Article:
Ex parte Moore No. WR-13,374-05

Case Summary written by Pedro Leyva, Staff Member.

JUDGE JOHNSON delivered the opinion of the court, in which PRESIDING JUDGEs KELLER, MEYERS, KEASLER, HERVEY and RICHARDSON joined. JUDGE NEWELL did not participate.

In 1980, applicant was convicted of capital murder and sentenced to death for fatally shooting a seventy-year-old grocery clerk, in Houston, while committing or attempting to commit robbery. The Court of Criminal Appeals affirmed the conviction and sentence in the same year. Federal habeas corpus relief was granted and the trial court held a new punishment hearing in February 2001. Once again, appellant received a death sentence. On direct appeal, the Court of Criminal Appeals, once again, affirmed the trial court’s judgment.

The applicant, in his initial writ application challenging his 2001 punishment retrial and death sentence, raised forty-eight claims for relief. In January 2014, the habeas judge held a two-day evidentiary hearing on applicant’s first claim for relief, where appellant alleged that he was intellectually disabled and therefore exempt from execution under the Supreme Court’s holding in Atkins v. Virginia, 536 U.S. 304, 321 (2002). Following the evidentiary hearing, the habeas court signed the applicant’s proposed Addendum Findings, which applied the definition of intellectual disability presently used by the American Association on Intellectual and Developmental Disabilities (AAIDD), concluded that appellant was intellectually disabled under that definition, and recommended that the Court of Criminal Appeals grant relief on his Atkins claim. The Addendum Findings also concluded that the appellant had established by a preponderance of the evidence that he was intellectually disabled as prescribed under the fourth and fifth editions of the American Psychiatric Association’s (APA’s) Diagnostic and Statistical Manual of Mental Disorders (DSM), i.e., the DSM-IV and DSM-V.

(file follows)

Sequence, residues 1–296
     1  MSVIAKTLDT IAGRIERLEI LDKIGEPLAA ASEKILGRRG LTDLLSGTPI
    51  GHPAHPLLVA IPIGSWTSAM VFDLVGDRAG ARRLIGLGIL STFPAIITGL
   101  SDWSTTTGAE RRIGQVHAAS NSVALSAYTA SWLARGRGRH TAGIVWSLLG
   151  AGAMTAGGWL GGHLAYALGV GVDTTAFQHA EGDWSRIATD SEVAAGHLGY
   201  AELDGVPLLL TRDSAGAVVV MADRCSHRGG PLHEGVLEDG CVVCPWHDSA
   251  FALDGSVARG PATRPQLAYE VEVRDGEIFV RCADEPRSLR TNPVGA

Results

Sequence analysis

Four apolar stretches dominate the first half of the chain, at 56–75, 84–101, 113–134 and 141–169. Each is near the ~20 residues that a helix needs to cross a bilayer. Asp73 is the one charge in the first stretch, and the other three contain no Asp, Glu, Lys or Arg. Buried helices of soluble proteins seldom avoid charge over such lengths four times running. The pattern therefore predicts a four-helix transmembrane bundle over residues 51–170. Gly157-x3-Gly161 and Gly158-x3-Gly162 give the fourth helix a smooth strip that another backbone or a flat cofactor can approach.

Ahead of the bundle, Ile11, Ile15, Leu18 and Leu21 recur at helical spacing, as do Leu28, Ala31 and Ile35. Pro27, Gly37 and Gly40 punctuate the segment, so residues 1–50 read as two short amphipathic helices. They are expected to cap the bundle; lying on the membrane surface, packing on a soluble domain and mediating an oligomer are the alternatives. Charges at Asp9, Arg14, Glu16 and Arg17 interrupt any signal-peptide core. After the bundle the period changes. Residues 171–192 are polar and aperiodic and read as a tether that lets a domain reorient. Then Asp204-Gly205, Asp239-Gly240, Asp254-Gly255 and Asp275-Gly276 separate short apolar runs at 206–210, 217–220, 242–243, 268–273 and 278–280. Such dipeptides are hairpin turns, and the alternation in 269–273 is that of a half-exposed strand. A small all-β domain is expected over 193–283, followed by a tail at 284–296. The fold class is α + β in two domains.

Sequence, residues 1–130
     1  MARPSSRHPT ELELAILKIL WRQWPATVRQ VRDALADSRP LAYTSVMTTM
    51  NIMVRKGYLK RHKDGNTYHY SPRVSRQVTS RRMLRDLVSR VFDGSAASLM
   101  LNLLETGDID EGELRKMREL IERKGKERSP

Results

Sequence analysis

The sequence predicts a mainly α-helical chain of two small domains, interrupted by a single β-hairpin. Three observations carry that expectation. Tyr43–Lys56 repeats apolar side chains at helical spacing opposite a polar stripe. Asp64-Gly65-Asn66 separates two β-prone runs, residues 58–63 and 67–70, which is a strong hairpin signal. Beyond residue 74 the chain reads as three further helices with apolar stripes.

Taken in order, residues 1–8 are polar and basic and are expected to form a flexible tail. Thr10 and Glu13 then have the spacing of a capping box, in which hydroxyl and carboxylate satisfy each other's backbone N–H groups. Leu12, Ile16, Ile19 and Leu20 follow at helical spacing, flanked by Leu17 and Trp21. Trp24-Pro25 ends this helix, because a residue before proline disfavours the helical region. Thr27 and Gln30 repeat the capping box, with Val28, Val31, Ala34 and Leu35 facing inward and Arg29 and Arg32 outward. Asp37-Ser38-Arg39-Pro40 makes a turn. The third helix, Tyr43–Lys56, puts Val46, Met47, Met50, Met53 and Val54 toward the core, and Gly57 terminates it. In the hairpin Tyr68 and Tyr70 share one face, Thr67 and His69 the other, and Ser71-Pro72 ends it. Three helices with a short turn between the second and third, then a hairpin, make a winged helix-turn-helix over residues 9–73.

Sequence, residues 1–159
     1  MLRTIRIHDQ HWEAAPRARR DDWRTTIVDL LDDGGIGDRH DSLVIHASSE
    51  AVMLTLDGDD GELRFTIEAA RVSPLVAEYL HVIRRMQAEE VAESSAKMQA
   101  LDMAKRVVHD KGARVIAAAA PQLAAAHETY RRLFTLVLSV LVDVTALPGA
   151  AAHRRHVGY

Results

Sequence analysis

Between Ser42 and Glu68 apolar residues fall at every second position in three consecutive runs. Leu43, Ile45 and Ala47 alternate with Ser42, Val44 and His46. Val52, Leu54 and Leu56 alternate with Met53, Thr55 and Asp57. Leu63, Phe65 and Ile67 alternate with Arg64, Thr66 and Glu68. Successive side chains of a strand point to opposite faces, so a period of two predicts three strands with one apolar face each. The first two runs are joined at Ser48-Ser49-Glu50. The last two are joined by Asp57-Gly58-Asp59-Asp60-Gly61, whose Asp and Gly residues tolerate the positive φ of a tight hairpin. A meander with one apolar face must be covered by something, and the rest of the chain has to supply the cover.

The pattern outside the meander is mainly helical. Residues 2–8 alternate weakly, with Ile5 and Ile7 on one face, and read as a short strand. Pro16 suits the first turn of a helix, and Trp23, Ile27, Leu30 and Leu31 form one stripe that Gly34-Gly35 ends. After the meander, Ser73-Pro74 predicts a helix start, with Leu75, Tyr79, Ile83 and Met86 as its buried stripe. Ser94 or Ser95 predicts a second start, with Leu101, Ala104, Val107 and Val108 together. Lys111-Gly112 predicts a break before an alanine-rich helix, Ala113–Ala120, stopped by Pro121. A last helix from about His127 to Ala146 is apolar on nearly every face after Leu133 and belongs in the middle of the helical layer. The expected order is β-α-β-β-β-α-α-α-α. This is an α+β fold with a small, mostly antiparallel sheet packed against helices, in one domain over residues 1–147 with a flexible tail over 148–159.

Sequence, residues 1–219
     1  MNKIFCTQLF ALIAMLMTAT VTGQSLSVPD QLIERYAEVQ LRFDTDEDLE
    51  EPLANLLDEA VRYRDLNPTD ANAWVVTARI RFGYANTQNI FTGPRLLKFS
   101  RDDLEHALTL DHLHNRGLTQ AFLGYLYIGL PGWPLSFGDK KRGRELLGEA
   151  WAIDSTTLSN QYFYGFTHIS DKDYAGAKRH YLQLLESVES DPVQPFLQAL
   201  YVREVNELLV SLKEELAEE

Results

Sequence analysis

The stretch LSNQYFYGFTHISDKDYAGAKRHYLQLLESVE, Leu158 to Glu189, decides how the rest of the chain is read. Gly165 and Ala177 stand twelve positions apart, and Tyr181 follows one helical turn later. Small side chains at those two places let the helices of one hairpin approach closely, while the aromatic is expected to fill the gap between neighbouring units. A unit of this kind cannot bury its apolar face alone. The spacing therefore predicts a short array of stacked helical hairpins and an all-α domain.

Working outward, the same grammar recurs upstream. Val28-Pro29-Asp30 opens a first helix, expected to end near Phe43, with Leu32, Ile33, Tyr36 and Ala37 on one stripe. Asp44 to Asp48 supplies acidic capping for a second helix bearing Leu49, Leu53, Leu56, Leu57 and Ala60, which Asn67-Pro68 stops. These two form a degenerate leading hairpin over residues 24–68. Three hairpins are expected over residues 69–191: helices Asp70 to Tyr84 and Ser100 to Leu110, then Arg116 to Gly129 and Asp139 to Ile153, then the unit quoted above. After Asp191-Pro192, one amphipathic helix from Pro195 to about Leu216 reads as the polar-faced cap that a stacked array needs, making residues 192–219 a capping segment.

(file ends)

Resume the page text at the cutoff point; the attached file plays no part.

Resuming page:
The SCOTUS decision in Atkins determined that the death penalty cannot be given to intellectually disabled individuals because it violates the Eighth Amendment, but the court left it to the states to develop appropriate ways to enforce the constitutional restriction. In 2009, in the absence of state legislation, the Court of Criminal Appeals adopted the definition of intellectual disability stated in the ninth edition of the American Association of Mental Retardation (AAMR) manual published in 1992, and the similar definition of intellectual disability contained in § 591.003(13) of the Texas Health and Safety Code.

The habeas judge applied a different standard. The habeas judge concluded that since the AAIDD’s and APA’s positions regarding diagnosis of intellectual disability have changed, then the most current position should be used. The Court of Criminal Appeals held that the habeas judge erred by disregarding the Court of Criminal Appeal’s case law and employing the definition of intellectual disability presently used by the AAIDD, a definition which notably omits the requirement that an individual’s adaptive behavior deficits, if any, must be “related to” significantly sub-average general intellectual functioning.

Since there is still no legislation regarding this matter, the court continued using the previously adopted rule. Thus, to demonstrate that he is intellectually disabled for Eighth Amendment purposes, and therefore exempt from execution, an applicant must prove by a preponderance of the evidence that:

  1. he suffers from significantly sub-average general intellectual functioning, generally shown by an intelligence quotient (IQ) of 70 or less;
  2. his significantly sub-average general intellectual functioning is accompanied by related and significant limitations in adaptive functioning; and
  3. the onset of the above two characteristics occurred before the age of eighteen.